The psychedelics story has gone mainstream.
For one, the US FDA is supportive of psychedelics research. Two, medical studies from institutions such as Johns Hopkins are finding that psychedelics can assist in the treatment of many health and mental issues impacting millions of people around the world.
A study in the journal, Nature — Psilocybin for treatment-resistant depression: fMRI-measured brain mechanisms – showed that 47% of treatment-resistant patients with depression showed positive responses five weeks after psilocybin treatments.
“Our study demonstrates that psychedelics can produce beneficial behavioral effects without drastically altering perception, which is a critical step towards producing viable medicines inspired by these compounds,” said David Olson of UC Davis, as quoted by Esquire.
Researchers at New York University found psilocybin mushrooms caused a “rapid and sustained” reduction in anxiety and depression in patients with cancer, as reported by the Financial Post. The list of findings goes on and on.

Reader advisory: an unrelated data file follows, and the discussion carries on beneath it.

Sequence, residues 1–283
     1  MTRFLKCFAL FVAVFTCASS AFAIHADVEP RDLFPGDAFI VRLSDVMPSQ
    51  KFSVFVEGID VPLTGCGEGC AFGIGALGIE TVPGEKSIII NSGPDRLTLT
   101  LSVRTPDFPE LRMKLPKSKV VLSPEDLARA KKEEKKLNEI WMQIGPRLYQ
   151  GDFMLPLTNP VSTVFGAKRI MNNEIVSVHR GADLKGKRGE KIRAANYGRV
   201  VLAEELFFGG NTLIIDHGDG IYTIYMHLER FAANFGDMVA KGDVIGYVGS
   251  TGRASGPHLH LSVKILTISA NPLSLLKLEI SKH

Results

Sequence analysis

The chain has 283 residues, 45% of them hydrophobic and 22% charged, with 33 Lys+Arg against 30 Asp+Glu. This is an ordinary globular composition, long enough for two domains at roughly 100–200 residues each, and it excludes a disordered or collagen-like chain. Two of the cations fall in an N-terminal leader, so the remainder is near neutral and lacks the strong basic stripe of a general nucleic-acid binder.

Three, there’s rapidly changing consumer attitudes towards psychedelics, just as we saw with cannabis around the world. Four, with plenty of clinical trials supporting psychedelic treatments, it’s only a matter of time before big pharmaceutical companies begin to invest heavily, and incorporate psychedelics into their own drug pipelines.
Five, “Some early-stage investors are betting the drugs could disrupt the US$70 billion market for mental health treatment. The wave of enthusiasm over cannabis shares in recent years has, in some ways, spread to these drugs that were long associated with all-night rave parties,” as noted by the Financial Post.